Interior: The proposal cuts Interior’s budget by nearly $1.5 billion, or 12 percent. Offices that buy public lands would take a hit. Funding for National Historic Sites would be eliminated. The budget encourages “partnership” between the government and private corporations for programs related to wildlife conservation, historic preservation, and recreation grants.
Labor: The budget proposes a 21 percent cut overall, decreasing federal support for job training programs and shifting more of that responsibility onto state and local governments, and businesses themselves. It also eliminates an Occupational Safety and Health Administration (OSHA) grant program to reduce safety risks and workplace hazards.
State: The budget seeks a whopping 28 percent cut in funding for State and USAID, which would seriously undermine the country’s diplomatic efforts and national security.
SBA: The budget cuts funding for the Small Business Administration by $43 million, or 5 percent. On the chopping block are technical grants and other programs.
Transportation: The plan calls for privatization of the FAA’s air traffic control function. There currently are 14,000 air traffic controllers. The budget would also end federal funding for Amtrak’s long-distance train service. DOT’s budget would be cut by 13 percent. This means less investment in railroads and airlines when we need it the most.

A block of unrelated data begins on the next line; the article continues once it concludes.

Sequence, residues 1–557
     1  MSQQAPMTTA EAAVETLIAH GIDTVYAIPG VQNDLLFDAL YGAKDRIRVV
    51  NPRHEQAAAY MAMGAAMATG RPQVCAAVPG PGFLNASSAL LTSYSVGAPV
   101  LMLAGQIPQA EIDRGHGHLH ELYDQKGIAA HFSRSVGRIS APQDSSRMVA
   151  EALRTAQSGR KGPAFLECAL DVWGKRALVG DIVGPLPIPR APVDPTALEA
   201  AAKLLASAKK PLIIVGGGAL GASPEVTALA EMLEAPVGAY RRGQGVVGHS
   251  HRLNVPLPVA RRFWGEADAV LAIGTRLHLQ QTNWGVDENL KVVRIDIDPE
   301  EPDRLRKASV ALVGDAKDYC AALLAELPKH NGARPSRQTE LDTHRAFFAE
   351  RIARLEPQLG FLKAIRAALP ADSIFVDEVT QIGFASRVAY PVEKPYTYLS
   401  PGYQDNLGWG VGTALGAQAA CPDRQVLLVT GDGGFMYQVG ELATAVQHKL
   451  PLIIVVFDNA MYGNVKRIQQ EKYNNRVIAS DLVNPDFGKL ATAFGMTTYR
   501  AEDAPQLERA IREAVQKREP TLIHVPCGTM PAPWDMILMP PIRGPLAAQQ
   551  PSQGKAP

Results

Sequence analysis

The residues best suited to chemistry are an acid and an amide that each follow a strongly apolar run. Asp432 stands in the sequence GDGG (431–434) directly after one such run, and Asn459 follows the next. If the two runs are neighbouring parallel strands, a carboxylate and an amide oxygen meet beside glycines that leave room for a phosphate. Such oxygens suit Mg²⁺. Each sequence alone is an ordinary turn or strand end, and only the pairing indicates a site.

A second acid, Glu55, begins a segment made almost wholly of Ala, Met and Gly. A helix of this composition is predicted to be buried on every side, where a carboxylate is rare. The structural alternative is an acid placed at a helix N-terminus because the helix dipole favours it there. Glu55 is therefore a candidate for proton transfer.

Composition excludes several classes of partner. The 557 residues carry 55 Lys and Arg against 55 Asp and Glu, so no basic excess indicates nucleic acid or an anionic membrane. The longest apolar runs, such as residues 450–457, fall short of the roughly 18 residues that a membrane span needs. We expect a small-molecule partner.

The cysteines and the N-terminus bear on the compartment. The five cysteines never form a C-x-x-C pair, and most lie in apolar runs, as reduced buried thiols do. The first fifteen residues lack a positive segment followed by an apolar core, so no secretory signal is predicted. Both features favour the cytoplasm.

VA: VA’s budget would go up 6 percent, or $4.4 billion. But it also expands the private provider program, which will lead to further privatization of the VA.
Agriculture: The proposal would cut USDA’s budget by $4.7 billion. Even though it provides full funding for the Food Safety and Inspection Service, the agency would reduce staffing at various service centers.
TSA: Budget would eliminate the Behavior Detection Officer program, eliminate grants to state and local jurisdictions to fund local police patrols around TSA checkpoints, and reduce funding for a program that uses armed teams of highly trained agents to sweep transit locations.
“This budget shirks our nation’s responsibility to care for its citizens and ensure the public’s health and safety, help our struggling neighbors secure better jobs and safe housing, and promote democracy around the world,” said AFGE President J. David Cox Sr.
“These cuts, if implemented, would have devastating and lasting consequences on the nation," Cox said. "Every American should study the facts, reject the rhetoric, and decide for themselves if they share the bleak vision of America that President Trump is promoting.”
Here are stories you need to know this week.
AFGE and the Department of Education have reached a settlement agreement over 14 unfair labor practice (ULP) charges the union filed against the agency.
Employees at the Institute of Museum and Library Services (IMLS) voted to unionize, joining hundreds of thousands of federal workers who have joined AFGE to build power and have a voice at work.